Why You Can’t Find Good Engineering Talent

Some guy on the internet talks about baseball, Moises Alou, Kubernetes, and blue hair

Why You Can’t Find Good Engineering Talent
Photo by Thomas Park / Unsplash

A Common Tale

So you want to hire good engineers. You sit down, fire up your favorite word processor, and hammer out a job description: Full Stack Engineer. It’s full of the latest stuff. Its got stuff like Kubernetes, React, Scala, Angular, AWS, Jenkins, Oracle DB, Ruby on Rails, MongoDB, GraphQL, Elasticsearch, machine learning, and a dozen other cool new things all over it. Excitedly you post it on your favorite job board, sit back, and wait for the responses to flow in. Five, ten, fifteen resumes come in, you schedule a few interviews, and you’re off to the races.

Or so you think.

Your engineers report back to you: none of the candidates are what you’re looking for. They have gaps in their skill-sets, not enough experience in key areas, can’t answer basic technical questions — whatever the reason may be the result is the same — they’re not qualified.

Frustrated you go back to the job board, find more candidates, and the cycle continues until you settle on someone who is the best of the group but not necessarily who you want. No one is happy and you don’t know why,

Luckily I can help. The problem is actually rather simple: You want too much from one person.

Create-a-Candidate

The year is 1999. My brother and I have managed to get a copy of EA’s Triple Play ’97 running on an old family computer. We don’t even like baseball that much, but baseball computer games tend to be more fun than watching, and its something new. Aside from creating a team that consisted entirely of 16 copies of Montreal Expos outfielder Moises Alou, one of the most fun things was to play around with the “create-a-player” function and see how crazy you could get. Want to create a 7' 2" 350-pound first baseman? You betcha. How about a 5' 0" 100-pound catcher with blue hair? Of course. A pitcher that can only throw knuckle-balls? Sure, why not. But no matter how crazy you wanted to get with your player’s stance, height, weight, hair, and whatnot, you could only ever make your player so good. And that’s because of the skill points system.

The skill points system gave you a finite allocation of points you could then “spend” to make your player better at certain aspects of their game, like batting or fielding. This kept you from creating the next Bo Jackson and making someone that was ungodly amounts of good at every single area of their game. It’s a nice balancing mechanism that’s been around for a very long time — Triple Play ‘97 didn’t invent it and it’s still used in games today (The Outer Worlds, for example). “What does all this have to do with finding engineers?” I can hear you asking. It’s simple: when creating a job description or job posting, pretend that you’re using a “create-a-candidate” tool and you’ve only got five or so “skill points” to use. Allocate those “points” to the areas that are most important for the position, then ignore the rest.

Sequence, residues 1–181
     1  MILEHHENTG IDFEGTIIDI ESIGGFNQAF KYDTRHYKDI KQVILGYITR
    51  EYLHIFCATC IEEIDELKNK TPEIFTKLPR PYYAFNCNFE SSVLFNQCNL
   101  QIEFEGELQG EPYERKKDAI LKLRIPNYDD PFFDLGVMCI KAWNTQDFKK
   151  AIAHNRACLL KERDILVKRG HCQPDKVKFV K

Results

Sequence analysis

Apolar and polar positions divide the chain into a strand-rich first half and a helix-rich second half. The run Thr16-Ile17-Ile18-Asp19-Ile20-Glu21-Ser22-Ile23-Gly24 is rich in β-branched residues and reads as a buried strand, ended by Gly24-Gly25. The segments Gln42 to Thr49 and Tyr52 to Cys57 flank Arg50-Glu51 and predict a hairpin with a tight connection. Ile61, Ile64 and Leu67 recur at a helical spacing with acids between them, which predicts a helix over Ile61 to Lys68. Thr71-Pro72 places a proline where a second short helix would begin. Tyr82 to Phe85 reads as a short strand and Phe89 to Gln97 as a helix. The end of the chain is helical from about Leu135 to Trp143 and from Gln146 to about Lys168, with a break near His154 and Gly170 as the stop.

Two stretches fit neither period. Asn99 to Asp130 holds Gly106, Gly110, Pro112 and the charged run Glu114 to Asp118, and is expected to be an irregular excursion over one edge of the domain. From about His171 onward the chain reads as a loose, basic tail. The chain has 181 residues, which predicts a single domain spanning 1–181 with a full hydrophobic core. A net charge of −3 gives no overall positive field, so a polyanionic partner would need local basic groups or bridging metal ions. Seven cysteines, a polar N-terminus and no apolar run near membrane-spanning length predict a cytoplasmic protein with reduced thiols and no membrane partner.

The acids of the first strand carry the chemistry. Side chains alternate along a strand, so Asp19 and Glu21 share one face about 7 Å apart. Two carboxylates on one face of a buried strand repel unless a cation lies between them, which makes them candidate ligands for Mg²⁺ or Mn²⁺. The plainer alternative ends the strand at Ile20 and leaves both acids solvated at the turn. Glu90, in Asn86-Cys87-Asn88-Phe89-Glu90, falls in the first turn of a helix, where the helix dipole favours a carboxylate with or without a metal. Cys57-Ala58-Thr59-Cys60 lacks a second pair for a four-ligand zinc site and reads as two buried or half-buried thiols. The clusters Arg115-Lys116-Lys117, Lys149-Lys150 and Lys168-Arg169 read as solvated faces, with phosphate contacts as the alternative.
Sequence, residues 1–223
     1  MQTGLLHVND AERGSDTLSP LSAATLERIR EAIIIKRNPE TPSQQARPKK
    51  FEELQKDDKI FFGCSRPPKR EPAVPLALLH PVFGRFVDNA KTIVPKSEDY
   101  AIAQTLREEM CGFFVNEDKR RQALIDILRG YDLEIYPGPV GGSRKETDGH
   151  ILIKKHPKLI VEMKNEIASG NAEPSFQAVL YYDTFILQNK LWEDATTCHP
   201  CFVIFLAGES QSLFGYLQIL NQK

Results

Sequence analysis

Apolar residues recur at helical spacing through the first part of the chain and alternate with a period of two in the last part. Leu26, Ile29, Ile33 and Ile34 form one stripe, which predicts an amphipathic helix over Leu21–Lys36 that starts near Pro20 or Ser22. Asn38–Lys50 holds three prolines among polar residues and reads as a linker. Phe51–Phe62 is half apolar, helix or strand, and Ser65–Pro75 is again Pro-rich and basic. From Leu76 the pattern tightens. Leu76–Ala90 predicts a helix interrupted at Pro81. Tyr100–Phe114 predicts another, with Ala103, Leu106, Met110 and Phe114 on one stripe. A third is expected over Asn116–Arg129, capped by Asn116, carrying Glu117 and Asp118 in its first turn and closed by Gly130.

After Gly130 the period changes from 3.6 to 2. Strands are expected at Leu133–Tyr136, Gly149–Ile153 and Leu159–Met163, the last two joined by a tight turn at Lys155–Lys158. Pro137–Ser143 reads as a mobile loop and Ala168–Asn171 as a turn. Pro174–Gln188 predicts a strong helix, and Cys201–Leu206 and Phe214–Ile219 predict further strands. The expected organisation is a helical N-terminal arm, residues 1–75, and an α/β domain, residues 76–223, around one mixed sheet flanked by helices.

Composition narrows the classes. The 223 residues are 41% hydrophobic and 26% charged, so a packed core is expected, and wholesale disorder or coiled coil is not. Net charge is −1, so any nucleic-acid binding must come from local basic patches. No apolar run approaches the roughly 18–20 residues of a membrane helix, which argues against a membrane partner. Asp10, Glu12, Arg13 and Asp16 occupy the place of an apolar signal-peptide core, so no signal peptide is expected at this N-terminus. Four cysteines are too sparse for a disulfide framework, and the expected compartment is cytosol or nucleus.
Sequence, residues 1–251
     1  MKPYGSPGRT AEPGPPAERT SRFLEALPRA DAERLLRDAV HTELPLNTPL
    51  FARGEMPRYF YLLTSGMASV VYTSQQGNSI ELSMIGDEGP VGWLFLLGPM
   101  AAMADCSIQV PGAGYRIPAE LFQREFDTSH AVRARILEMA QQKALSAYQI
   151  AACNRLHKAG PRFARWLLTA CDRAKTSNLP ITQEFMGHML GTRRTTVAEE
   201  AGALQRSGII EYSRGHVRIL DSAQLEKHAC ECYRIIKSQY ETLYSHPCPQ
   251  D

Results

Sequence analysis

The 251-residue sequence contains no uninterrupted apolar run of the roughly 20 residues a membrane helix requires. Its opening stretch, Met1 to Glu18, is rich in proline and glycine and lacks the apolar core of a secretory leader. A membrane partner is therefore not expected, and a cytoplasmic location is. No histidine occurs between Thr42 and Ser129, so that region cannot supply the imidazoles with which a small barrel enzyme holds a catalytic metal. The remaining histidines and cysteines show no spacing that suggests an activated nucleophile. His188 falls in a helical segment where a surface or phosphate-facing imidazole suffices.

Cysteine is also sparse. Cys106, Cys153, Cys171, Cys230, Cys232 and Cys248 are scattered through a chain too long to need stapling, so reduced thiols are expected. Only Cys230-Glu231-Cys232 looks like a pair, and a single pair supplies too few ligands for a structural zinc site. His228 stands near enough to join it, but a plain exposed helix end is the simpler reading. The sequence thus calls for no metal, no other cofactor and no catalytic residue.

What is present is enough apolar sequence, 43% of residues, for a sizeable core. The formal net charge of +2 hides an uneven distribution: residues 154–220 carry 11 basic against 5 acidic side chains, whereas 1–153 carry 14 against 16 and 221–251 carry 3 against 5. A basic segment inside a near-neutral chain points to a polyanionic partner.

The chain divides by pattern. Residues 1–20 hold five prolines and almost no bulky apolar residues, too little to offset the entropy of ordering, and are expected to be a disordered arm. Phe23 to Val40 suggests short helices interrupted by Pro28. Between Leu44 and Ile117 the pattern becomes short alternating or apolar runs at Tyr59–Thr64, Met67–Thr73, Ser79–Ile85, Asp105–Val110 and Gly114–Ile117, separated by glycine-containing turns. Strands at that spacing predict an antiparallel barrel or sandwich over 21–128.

Put It Together

Let’s go back to our beginning scenario. The first step would be to talk to the engineering team and find out what the absolute top required skills are for the position in question. That should narrow it down to the top five or six things that the candidate needs to be good with. As for the rest of the stuff: if its not important enough for it to be ranked in the top 6 its something they can learn on the job. You cannot afford to expect every single candidate to be an All-Star in every single skill area, that unrealistic expectation is how you end up with a mediocre candidate that is approximately familiar with lots of things but not really amazing at one or two. The best engineers tend to be wicked smart — I’m sure they can pick up on things they don’t know pretty fast.

Once you’ve got your revised job posting done, put it up, and see what happens. You probably won’t be disappointed.

Anything that I missed? Any ideas? I’d love to hear it — post in the comments!